Galena beckons


What a perfect day!

A pristine blue sky, an early start to our day, plenty to see and do in Galena. The just-right antidote to yesterday’s many frustrations.

Ulysses S. Grant lived in Galena before and after the Civil War and his home there is now a state-owned historic site (more on our visit there later).

So it was fitting that our 18th president was kind enough to give us a walking tour of the downtown area, pointing out the most historic sites and filling us in on preservation efforts for certain buildings that date back to the early 1800s. He did a fine job as a tour guide and you got to hand it to the guy. He looks good for 194 years old.

Now that we've met two presidential impersonators (sorry... "reprisors") during this trip - Teddy Roosevelt and now Ulysses S. Grant - I'm thinking I really need to pursue something in the historical tribute artist category as a potential post-TV news career. But which historical figure would I portray? Jefferson? (Probably need a powdered wig... so, nope). Lincoln? (Doubt that I'm tall enough... wrong hair color... too many other guys already doing Honest Abe). Mark Twain? General Custer? Thomas Edison? Maybe Tesla. He seems to be a hot commodity these days.

I welcome suggestions.

Meanwhile back in Galena, we enjoyed an outdoor lunch at the very historic (I’m going to use that word a lot in this post) DeSoto House Hotel.

Mr. Lincoln gave a speech from the hotel’s balcony a few years before he was elected president. Grant used the hotel as his campaign headquarters when he ran for the nation’s highest office in 1868. Various other dignitaries and high office holders have stayed at the DeSoto House over the years. It was named after the Spanish explorer who supposedly discovered the Mississippi River, though I have a feeling a whole lot of Native Americans probably had a pretty good idea where the river was before DeSoto happened along.

If you’re into souvenirs, gift shops and antiques, Galena is your nirvana. That’s good news for Deanna, who’s been searching for the right gifts to bring home to co-workers and friends since we started our trip a couple of weeks ago. She had a pretty good idea of what kind of items she wanted, but we had a hard time finding exactly the right stuff in Galena. Lord knows we tried. Tchotchkes of all colors, shapes and sizes were for sale on every street corner in every shop and there are many, many, many shops. After a few hours of frustration, we finally settled on stopping into a sweets store to pick out hand-made chocolate goodies for ourselves. They were seriously overpriced but dangerously mouth-watering. Deanna’s choice: chocolate-covered cherries. Mine: chocolate over French vanilla filling. Nearly two bucks apiece, but wow, were they good.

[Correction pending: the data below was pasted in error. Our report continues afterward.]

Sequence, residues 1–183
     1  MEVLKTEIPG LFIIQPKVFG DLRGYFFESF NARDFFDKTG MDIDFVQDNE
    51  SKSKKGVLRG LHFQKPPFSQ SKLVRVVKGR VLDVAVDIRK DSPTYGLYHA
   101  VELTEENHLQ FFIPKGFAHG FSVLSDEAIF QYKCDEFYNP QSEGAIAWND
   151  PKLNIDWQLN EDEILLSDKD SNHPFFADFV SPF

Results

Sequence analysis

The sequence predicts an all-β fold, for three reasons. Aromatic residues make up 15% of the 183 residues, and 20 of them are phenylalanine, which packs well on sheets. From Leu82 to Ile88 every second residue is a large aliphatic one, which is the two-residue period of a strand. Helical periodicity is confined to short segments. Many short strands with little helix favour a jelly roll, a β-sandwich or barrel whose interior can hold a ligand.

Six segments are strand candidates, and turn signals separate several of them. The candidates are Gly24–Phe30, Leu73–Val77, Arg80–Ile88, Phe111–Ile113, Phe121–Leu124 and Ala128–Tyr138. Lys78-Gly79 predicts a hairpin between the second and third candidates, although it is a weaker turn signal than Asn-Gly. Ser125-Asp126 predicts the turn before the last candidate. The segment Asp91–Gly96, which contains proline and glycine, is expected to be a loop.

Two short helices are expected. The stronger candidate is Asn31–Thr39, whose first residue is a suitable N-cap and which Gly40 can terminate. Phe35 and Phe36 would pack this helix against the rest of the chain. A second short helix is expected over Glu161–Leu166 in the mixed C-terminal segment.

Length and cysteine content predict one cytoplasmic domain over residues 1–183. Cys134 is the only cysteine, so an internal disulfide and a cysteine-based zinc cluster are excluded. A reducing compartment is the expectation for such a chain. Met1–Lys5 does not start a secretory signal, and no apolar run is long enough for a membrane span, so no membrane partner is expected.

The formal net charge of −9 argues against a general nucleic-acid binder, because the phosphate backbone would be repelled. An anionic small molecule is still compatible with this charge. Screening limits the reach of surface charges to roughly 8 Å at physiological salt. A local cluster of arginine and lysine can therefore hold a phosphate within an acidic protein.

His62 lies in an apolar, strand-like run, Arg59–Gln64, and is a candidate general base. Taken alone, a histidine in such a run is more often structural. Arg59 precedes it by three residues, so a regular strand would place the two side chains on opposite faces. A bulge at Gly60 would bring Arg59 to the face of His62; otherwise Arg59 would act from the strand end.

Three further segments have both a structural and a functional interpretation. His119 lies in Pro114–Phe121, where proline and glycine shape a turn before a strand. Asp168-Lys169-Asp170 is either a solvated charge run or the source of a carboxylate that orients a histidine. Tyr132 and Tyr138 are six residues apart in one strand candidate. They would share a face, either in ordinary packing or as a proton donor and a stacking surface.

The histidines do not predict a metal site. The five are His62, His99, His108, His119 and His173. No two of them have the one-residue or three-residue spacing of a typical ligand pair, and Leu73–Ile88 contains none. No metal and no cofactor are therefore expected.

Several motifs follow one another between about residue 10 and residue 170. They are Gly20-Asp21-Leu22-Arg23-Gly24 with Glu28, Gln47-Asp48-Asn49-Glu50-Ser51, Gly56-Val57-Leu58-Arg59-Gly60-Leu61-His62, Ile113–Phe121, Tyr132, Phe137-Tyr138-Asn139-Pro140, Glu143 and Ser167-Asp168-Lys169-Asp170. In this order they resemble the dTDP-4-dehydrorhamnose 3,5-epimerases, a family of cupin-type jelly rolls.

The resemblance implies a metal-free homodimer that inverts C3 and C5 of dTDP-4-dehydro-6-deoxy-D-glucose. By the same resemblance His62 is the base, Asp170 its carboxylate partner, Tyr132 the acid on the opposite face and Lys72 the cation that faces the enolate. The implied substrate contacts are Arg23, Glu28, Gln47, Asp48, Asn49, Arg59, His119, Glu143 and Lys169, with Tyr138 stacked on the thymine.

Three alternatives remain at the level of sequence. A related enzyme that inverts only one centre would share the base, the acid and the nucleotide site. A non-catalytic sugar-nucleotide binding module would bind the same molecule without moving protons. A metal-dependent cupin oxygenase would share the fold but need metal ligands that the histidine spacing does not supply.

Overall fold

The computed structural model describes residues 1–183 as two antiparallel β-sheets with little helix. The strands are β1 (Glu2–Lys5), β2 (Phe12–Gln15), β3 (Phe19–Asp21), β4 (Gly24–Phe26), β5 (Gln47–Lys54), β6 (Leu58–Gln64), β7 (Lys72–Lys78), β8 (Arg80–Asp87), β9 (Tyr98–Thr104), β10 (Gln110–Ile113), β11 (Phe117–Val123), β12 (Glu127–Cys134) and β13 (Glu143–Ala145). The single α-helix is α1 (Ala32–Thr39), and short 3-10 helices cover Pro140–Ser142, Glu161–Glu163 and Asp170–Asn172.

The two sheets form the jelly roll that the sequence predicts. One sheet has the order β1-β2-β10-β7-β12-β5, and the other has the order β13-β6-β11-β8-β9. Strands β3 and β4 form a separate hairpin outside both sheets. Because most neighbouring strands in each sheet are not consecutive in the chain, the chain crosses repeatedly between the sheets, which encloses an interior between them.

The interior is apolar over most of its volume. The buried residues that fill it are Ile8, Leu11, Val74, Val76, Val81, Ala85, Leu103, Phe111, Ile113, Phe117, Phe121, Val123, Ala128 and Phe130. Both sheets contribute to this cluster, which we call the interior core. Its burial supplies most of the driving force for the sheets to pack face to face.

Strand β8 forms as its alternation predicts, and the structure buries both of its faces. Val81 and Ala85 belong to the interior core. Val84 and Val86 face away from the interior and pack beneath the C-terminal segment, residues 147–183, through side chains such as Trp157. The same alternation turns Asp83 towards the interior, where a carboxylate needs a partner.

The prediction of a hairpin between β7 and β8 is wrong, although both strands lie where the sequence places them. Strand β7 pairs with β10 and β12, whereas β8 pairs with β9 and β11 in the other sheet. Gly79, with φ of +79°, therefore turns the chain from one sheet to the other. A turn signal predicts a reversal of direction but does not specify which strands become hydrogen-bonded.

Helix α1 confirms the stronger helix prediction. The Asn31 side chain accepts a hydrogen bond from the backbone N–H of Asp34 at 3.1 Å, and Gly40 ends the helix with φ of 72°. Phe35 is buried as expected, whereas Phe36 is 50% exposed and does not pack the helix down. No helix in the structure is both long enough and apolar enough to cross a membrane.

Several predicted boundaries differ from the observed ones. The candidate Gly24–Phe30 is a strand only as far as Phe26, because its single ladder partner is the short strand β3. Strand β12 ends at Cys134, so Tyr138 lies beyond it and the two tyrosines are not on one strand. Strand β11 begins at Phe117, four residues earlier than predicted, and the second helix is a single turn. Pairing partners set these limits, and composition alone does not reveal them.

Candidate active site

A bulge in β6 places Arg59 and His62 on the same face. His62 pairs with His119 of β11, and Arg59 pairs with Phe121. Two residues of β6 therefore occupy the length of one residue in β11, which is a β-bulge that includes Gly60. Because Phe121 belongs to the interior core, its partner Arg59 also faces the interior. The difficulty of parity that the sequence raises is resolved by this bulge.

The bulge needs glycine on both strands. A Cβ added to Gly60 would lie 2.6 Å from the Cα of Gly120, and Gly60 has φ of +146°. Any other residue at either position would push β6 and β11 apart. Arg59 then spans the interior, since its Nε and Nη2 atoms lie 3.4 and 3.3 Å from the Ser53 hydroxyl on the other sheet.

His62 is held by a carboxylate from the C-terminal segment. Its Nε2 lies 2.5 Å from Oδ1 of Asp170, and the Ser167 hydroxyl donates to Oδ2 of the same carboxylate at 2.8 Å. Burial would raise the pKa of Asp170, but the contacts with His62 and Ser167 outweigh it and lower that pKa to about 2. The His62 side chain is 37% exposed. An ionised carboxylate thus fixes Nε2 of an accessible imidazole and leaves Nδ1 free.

In between visits to antique shops in search of gifts, we took a tour of Grant’s home, high atop a hill looking down on Galena. A group of the town’s leaders bought the red brick home for Grant and his family to live in following the Civil War in appreciation for the general’s service and leadership during the conflict.

The home was far from being a mansion, but it was better than Grant’s family had endured prior to the war when he had failed at everything he tried to do to make a living. Grant is an interesting historical figure, considering that he hated war, but knew himself well enough to realize he wasn’t much good at anything except soldiering, so that’s what he pursued. We all know Grant’s leadership was critical toward winning the war for the North, but until now, I guess I didn’t fully realize how important a figure he was in American history. A pretty fascinating guy all around.

Tomorrow, we’ll visit Dubuque, Iowa, where I lived for five years back in the mid-80s when I worked as an anchor for a TV station there.

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